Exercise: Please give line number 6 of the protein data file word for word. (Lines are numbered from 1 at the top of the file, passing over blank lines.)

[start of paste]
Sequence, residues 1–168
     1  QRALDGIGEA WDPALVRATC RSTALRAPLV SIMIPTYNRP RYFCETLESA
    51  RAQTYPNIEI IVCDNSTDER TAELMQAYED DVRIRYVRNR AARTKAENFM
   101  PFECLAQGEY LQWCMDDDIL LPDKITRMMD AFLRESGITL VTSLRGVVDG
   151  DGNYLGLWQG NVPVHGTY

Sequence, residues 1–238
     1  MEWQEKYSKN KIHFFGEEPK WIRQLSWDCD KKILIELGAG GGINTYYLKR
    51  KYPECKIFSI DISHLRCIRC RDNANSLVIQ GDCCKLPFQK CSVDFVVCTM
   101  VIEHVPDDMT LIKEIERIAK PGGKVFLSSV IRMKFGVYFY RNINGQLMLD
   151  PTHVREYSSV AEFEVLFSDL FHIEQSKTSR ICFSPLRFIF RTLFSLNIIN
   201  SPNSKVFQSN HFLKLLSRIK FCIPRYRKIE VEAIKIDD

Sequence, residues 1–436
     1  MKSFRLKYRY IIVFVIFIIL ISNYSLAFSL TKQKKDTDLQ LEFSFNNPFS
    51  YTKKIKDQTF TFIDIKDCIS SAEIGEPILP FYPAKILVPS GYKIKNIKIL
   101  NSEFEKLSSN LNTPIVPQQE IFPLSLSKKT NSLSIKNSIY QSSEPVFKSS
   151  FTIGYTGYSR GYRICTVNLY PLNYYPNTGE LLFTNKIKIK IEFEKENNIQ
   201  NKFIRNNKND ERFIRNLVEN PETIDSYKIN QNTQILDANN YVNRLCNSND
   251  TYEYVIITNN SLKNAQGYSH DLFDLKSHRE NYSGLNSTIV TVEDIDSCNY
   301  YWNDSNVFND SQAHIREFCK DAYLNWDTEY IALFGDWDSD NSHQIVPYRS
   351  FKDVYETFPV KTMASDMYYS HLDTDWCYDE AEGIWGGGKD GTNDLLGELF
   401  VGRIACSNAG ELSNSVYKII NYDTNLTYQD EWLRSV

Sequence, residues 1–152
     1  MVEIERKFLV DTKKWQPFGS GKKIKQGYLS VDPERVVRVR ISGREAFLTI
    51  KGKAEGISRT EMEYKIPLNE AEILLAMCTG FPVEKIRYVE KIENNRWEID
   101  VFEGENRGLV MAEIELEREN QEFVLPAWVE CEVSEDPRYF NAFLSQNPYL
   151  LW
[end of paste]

Sequence, residues 1–238